Liverpool, and other Premier League clubs, could soon be playing competitive matches in the United States or other foreign territories.
The Associated Press report on Wednesday that clubs have now asked the league to conduct a feasibility study into global expansion options.
The Daily Mail claim “The Premier League could host a round of games abroad in the future”. They say “Plans for an overseas set of matches are in an embryonic stage, but would appeal to the English top-flight’s huge global audience.”
“A round of matches played abroad in late November or early December would be ideal for US audiences,” claims writer Matt Lawton.
However, the less sensationalist AP report admits that regular season Premier League games being played abroad is unlikely in the immediate future, but lucrative pre-season friendlies and expanding the existing Premier League Asia trophy tournament to other continents.
"No economic need" to take Premier League matches abroad, Richard Scudamore said in 2010. No economic need. Just a lot of greed.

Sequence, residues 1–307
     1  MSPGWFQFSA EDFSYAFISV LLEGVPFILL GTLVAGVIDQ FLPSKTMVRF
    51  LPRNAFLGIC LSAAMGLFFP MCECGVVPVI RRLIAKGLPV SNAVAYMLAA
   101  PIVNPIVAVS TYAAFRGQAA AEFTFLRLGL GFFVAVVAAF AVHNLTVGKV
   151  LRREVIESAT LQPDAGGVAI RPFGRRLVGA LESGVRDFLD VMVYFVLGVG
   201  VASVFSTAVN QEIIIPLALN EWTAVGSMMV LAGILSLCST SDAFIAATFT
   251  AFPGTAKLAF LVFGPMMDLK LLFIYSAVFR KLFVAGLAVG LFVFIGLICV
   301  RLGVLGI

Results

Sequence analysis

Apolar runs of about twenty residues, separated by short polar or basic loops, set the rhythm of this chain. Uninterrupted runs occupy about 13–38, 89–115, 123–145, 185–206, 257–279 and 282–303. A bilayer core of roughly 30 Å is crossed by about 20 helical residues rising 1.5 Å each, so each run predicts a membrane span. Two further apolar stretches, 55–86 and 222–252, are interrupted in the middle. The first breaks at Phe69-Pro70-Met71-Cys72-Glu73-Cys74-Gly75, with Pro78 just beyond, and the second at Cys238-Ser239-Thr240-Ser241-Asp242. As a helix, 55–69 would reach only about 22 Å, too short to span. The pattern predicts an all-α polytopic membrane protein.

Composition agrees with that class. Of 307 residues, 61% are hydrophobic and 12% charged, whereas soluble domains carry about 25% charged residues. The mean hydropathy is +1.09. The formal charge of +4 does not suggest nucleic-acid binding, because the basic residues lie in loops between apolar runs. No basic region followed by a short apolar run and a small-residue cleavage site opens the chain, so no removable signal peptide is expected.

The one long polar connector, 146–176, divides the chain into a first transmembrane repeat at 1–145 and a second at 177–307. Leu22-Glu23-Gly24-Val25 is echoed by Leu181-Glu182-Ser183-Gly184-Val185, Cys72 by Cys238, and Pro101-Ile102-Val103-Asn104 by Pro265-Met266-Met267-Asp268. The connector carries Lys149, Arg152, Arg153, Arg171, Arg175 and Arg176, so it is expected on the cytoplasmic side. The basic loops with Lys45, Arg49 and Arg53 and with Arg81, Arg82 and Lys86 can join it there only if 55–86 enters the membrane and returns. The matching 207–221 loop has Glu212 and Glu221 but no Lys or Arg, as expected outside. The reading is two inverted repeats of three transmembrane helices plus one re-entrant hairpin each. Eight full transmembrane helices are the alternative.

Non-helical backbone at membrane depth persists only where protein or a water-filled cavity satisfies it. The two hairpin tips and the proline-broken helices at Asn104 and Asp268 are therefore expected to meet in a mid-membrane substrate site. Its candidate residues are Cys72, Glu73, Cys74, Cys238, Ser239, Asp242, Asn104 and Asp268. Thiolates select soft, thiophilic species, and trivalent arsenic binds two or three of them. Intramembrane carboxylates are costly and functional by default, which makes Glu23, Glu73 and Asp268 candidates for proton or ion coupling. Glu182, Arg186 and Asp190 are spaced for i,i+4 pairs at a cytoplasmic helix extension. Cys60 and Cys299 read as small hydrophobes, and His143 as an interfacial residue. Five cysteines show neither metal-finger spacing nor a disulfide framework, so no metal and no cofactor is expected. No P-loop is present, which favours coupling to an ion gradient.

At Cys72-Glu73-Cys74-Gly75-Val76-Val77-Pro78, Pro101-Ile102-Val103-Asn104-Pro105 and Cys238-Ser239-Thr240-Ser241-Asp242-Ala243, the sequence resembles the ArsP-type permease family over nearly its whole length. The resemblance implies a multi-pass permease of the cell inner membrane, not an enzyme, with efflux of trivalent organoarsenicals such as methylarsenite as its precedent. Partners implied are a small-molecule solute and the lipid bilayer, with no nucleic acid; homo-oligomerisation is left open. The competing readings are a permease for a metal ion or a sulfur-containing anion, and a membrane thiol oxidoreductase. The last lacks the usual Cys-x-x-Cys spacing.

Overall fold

— Oliver Kay (@OliverKayTimes) October 8, 2014
Meanwhile, The Daily Mail report that UEFA too are looking into playing matches abroad in Asia, America and the Middle East.
They write that “European football’s ruling body have been considering ways of increasing global interest in sponsorship and media rights, and elevating games that already involve their marquee teams by giving them UEFA branding and organisation is the preferred option.”
Liverpool have visited America for their pre-season twice in the last three years, and this past summer played five games in the USA; in Boston, Chicago, New York, Charlotte and Florida.
The match in Charlotte attracted just under 70,000 fans, while the game at New York’s Yankee Stadium against Man City also saw a high crowd of 49,653.
The “Guinness International Champions Cup” final between Liverpool and Man United in Florida had an attendance of 51,014.
The Reds’ lowest attendance was in Chicago, where 36,170 watched them beat Olympiakos.